Because both humanitarian and consensus-building efforts to support a peaceful transition in Darfur have been hampered by a delayed peace process, the United States Government remains cautious about exploring opportunities to begin to support recovery activities. However, the United States Government maintains diplomatic engagement to strengthen the peace process that will eventually allow opportunities for longer-term development activities.

The primary U.S. strategic objectives for Sudan are to ensure that all sides end the violence in Darfur; that both the North and the South continue working toward full implementation of the CPA, which includes transforming the defense institutions and military forces of the Sudan People’s Liberation Army (SPLA) to provide security for itself and its people adequately; and that Sudan not be a base for terrorist activity. U.S. assistance is being used to support the Government of Southern Sudan, including the SPLA, with security sector reform, including infrastructure, command headquarters, and transportation projects. Our objective is to convey values of democracy, civil-military relations, and human rights, and to transform the SPLA from a guerilla to a professional military force.

The President’s determination with respect to Sudan, consistent with the Act’s waiver authority, will allow these important efforts to continue as appropriate, thereby enhancing security within the country, supporting democratic development, and carrying out additional development and reconstruction projects in Southern Sudan and Darfur. This determination will also preserve the United States Government’s delivery of necessary security sector reform specifically cited for implementation in the United States’ Sudan Strategy.

Impact of Restrictions: Comprehensive sanctions against Sudan are already in place, including those imposed under the International Emergency Economic Powers Act, those related to its designation as a state sponsor of terrorism, and several other legislative restrictions on assistance. Restrictions on assistance under the Act would nonetheless apply to more than $300 million in assistance to bolster security within the country and further the reconstruction of Southern Sudan, including $800,000 in International Military Education and Training funding, $42 million in Peacekeeping Operations funding for the Security sector transformation of the SPLA and possibly as much as $270 million in Economic Support Funds (ESF). The ESF programs are aimed at encouraging broad economic development in Southern Sudan and supporting efforts towards peace in Darfur. These programs contribute to a better environment for good governance while increasing the availability of social services and strengthening nascent democratic policies and institutions.

Zimbabwe
The Government of Zimbabwe does not fully comply with the Act’s minimum standards for the elimination of trafficking, and is not making significant efforts to bring itself into compliance. The President has determined to restrict assistance for Zimbabwe. The President has also determined that provision of funding for programs for victims of trafficking in persons or to combat such trafficking, and for the promotion of health, good governance, education, agriculture and food security, poverty reduction, livelihoods, family planning, and macroeconomic growth including anti-corruption, and for programs that would have a significant adverse effect on vulnerable populations if suspended, would promote the purposes of the Act or is otherwise in the national interest of the United States.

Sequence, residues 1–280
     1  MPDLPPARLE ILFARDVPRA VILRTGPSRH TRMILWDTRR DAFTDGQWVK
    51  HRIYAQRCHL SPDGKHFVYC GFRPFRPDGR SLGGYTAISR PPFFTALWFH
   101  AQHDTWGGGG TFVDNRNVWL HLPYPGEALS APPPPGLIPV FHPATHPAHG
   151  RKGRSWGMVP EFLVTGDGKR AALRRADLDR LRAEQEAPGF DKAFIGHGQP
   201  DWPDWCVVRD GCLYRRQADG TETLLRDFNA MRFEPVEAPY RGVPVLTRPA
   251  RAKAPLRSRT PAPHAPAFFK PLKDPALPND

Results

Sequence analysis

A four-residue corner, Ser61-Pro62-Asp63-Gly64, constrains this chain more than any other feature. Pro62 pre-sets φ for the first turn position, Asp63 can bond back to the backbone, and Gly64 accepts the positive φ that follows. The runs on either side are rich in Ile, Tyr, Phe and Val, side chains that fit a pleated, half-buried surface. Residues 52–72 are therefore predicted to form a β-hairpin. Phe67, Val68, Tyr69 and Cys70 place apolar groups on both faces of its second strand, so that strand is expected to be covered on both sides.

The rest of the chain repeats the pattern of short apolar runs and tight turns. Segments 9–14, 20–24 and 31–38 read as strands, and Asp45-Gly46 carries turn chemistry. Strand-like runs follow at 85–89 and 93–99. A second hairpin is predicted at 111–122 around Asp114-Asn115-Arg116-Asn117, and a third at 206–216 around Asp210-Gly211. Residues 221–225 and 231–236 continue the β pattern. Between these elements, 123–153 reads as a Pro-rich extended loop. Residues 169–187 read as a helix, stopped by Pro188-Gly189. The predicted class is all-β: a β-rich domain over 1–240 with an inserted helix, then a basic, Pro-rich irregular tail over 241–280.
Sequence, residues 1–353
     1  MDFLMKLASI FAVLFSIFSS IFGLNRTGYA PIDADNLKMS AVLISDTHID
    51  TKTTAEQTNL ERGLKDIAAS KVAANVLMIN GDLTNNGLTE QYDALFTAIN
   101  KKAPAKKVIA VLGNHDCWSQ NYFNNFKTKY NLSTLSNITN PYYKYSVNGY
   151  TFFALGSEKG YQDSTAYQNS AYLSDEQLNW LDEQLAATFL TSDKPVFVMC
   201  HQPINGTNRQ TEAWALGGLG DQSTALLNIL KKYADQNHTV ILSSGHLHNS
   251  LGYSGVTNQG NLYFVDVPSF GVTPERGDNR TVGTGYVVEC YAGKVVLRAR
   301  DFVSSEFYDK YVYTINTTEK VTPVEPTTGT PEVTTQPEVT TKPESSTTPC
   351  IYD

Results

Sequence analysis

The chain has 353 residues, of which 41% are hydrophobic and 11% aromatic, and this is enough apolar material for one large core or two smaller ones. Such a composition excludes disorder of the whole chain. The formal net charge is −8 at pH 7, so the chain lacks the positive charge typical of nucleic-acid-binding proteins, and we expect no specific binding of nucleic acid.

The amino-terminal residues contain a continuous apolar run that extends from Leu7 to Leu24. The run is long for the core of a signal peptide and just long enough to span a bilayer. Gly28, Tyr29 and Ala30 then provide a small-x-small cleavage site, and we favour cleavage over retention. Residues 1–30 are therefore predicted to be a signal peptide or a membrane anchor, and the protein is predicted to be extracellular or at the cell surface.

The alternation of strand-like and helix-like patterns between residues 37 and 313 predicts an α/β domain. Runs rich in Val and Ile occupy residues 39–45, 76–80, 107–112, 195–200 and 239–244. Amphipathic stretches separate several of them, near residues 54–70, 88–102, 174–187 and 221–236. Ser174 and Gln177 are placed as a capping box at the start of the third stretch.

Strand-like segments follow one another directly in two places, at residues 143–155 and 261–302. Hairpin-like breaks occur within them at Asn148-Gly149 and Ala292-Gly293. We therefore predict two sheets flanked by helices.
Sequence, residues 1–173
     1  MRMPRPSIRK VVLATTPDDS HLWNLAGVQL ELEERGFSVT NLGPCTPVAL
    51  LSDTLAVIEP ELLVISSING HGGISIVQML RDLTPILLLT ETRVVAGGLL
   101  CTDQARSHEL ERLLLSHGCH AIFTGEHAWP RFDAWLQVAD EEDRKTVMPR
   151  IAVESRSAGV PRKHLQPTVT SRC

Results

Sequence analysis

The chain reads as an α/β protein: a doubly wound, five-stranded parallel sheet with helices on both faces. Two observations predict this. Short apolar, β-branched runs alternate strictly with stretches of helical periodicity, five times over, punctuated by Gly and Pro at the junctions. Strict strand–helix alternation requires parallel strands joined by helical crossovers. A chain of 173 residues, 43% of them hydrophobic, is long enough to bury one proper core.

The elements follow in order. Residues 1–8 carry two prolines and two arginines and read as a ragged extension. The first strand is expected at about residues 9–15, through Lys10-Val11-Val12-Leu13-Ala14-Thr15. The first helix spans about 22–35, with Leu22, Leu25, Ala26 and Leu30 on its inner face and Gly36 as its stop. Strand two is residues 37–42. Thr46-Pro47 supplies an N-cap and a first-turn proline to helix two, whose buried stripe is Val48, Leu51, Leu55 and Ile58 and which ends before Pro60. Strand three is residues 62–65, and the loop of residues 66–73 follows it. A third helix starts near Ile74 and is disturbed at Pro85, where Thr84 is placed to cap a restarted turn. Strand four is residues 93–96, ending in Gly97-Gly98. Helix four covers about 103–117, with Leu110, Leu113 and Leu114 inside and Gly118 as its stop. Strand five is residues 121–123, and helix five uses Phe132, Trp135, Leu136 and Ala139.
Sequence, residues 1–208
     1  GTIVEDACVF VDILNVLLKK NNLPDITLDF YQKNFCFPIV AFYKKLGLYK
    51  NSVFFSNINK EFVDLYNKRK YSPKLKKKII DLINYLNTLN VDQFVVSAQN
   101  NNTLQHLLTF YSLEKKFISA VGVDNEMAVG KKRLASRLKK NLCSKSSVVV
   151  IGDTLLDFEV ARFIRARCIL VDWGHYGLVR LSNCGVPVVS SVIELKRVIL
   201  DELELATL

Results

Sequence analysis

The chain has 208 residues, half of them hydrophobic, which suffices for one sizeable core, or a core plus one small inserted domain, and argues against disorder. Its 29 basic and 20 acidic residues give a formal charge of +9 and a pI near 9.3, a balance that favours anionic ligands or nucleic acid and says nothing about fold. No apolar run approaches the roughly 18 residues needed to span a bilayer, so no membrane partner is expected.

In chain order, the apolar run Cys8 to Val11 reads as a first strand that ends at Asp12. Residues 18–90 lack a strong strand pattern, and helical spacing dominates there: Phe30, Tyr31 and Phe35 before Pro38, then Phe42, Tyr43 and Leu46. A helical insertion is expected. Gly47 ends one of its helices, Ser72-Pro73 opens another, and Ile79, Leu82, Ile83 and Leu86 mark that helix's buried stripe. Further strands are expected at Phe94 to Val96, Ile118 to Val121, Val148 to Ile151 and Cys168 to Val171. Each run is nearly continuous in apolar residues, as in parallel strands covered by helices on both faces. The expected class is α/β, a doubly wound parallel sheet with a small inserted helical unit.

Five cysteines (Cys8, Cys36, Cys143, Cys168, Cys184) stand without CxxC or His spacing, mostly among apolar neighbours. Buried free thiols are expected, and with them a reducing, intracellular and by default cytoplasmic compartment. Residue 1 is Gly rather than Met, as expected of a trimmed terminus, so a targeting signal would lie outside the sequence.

Justification: Although government officials have shown increased interest in human trafficking issues in the last year, the Government of Zimbabwe has made no apparent efforts to proactively identify victims of trafficking, and members of its security forces forced men and boys to perform hard labor in diamond mines. Since the release of the 2010 TIP Report, there has been no reported progress in investigating trafficking crimes, punishing trafficking offenders, or identifying and protecting trafficking victims.

A partial waiver of restrictions under the Act is in the national interest because it will allow certain types of bilateral assistance not already restricted to the Government of Zimbabwe to promote the country’s transformation from repression and poverty to a government that respects democratic freedoms and seeks to meet the needs of its people.

Impact of Restrictions: The United States Government does not currently provide assistance to the Government of Zimbabwe. The Government of Zimbabwe is already subject to foreign assistance restrictions due to, among other things, failure to repay debts owed to the United States pursuant to section 620(q) of the Foreign Assistance Act and section 7012 (the “Brooke amendment”) of the Department of State, Foreign Operations, and Related Programs Act, 2010 (Div. F, P.L. 111-117). Partial waivers, however, have been issued under section 620(q) and the Brooke amendment in the areas of education, agriculture and food security, family planning, and macro-economic growth including anti-corruption. Therefore, restrictions under the Act would apply to such assistance to the Government of Zimbabwe absent this partial waiver. Moreover, if the Government of Zimbabwe succeeds in repaying its debts owed to the United States, the partial waiver of restrictions under the Act will allow funding for programs for the promotion of health, good governance, poverty reduction, and livelihoods as well as funding for programs for victims of trafficking in persons or to combat such trafficking, and for programs that would have a significant adverse effect on vulnerable populations if suspended.